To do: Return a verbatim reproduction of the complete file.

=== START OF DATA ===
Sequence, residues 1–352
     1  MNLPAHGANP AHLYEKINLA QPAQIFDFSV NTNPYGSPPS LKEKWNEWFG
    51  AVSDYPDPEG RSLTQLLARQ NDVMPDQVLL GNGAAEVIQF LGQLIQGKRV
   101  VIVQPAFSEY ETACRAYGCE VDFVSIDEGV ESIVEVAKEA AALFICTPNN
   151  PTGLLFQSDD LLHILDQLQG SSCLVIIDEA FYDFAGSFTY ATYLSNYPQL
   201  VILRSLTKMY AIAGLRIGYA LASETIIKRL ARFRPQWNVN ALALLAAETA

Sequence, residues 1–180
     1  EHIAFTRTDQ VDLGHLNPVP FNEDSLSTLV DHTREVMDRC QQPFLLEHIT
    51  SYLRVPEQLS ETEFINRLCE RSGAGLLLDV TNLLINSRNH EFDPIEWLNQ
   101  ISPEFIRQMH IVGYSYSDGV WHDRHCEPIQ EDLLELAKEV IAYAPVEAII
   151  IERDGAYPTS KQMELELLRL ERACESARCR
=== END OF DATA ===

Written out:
Sequence, residues 1–352
     1  MNLPAHGANP AHLYEKINLA QPAQIFDFSV NTNPYGSPPS LKEKWNEWFG
    51  AVSDYPDPEG RSLTQLLARQ NDVMPDQVLL GNGAAEVIQF LGQLIQGKRV
   101  VIVQPAFSEY ETACRAYGCE VDFVSIDEGV ESIVEVAKEA AALFICTPNN
   151  PTGLLFQSDD LLHILDQLQG SSCLVIIDEA FYDFAGSFTY ATYLSNYPQL
   201  VILRSLTKMY AIAGLRIGYA LASETIIKRL ARFRPQWNVN ALALLAAETA

Sequence, residues 1–180
     1  EHIAFTRTDQ VDLGHLNPVP FNEDSLSTLV DHTREVMDRC QQPFLLEHIT
    51  SYLRVPEQLS ETEFINRLCE RSGAGLLLDV TNLLINSRNH EFDPIEWLNQ
   101  ISPEFIRQMH IVGYSYSDGV WHDRHCEPIQ EDLLELAKEV IAYAPVEAII
   151  IERDGAYPTS KQMELELLRL ERACESARCR